New York Times: Clashes in Tajikistan Between Police and Islamists Kill 17
MOSCOW — Long-simmering unrest and infighting in the leadership in Tajikistan flared on Friday when the government accused a deputy defense minister of siding with Islamists in clashes with the police that killed 17 people.
Tajikistan has not been fully at peace since a civil war in the 1990s. It borders Afghanistan, and for years, the Afghan war has threatened to spill over into the country as the United States winds down its military presence in the region.
The government is wobbly, divided between an authoritarian president and an Islamist opposition group composed of former militants, in a power-sharing arrangement put in place under a 1997 peace accord that never really stuck.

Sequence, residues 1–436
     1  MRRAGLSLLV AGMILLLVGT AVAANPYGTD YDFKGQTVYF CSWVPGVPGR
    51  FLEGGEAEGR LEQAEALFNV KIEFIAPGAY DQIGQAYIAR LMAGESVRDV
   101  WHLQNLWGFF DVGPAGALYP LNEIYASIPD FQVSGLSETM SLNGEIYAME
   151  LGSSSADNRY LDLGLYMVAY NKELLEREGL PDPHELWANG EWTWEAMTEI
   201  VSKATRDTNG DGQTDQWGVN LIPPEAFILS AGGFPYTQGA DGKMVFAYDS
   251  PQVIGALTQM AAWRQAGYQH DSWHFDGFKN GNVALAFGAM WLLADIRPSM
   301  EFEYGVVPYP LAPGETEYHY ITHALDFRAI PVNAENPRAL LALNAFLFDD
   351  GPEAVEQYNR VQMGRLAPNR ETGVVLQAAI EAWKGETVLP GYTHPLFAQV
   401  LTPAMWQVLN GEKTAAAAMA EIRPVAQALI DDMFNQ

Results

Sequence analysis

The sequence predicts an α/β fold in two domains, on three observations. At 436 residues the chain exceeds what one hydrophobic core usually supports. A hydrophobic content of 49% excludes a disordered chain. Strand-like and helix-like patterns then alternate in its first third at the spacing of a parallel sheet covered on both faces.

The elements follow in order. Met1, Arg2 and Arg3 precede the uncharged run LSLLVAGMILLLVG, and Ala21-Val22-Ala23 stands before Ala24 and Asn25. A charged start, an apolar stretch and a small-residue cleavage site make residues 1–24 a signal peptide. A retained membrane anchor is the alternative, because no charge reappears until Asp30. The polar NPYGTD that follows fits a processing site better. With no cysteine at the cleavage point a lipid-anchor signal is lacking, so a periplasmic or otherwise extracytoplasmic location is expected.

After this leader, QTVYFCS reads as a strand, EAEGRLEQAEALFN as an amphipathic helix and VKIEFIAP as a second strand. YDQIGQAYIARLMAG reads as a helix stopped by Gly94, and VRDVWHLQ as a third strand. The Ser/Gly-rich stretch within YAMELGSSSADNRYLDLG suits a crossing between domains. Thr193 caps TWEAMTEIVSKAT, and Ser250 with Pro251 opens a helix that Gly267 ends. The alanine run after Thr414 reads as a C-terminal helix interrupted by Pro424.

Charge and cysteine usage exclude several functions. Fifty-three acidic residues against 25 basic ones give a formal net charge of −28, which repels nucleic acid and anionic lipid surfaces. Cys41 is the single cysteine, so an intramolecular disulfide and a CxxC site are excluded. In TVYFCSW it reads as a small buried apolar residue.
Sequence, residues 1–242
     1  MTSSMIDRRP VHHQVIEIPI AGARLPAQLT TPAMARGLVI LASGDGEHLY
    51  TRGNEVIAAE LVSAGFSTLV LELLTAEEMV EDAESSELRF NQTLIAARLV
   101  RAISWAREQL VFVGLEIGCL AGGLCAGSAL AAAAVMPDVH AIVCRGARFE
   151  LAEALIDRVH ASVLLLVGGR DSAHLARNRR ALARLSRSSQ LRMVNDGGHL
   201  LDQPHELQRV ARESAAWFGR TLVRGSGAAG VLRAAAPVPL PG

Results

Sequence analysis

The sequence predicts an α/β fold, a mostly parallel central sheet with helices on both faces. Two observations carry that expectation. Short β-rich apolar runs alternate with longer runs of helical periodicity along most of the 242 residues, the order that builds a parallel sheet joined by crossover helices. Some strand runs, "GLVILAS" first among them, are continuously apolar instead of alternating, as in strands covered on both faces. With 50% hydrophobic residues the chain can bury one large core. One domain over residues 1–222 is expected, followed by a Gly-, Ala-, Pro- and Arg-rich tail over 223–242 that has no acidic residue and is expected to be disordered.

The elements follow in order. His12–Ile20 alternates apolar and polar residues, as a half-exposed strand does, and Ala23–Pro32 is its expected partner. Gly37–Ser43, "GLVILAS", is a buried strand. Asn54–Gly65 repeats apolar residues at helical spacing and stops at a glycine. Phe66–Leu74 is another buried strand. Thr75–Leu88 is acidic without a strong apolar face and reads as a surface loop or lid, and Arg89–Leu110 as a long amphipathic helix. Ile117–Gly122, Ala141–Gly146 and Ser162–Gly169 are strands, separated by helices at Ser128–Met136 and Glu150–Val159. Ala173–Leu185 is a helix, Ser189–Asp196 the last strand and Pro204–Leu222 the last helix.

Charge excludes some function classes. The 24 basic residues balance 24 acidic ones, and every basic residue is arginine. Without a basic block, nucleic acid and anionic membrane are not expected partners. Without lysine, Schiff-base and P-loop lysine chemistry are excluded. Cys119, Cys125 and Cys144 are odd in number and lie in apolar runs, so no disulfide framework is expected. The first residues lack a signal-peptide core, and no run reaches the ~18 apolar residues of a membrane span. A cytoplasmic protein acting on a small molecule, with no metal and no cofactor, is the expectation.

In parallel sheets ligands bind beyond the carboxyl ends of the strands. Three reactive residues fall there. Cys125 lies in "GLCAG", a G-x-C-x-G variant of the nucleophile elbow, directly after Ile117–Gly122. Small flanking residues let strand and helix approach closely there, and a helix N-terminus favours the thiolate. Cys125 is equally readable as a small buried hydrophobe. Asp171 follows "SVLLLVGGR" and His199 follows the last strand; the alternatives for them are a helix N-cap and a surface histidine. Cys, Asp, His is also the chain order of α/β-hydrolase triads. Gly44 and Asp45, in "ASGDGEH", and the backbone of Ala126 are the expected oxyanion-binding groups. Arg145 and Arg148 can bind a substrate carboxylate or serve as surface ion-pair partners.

More News On Armed Battles Between Police And Islamists In Tajikistan
Police Clash With Gunmen in Tajikistan, 17 Dead -- AP
Outbreak of Violence in Tajikistan Leaves 17 Dead -- WSJ
17 people killed in armed attacks organized by Tajikistan’s deputy defense minister -- RT
Tajik policemen killed in attacks on state buildings -- Al Jazeera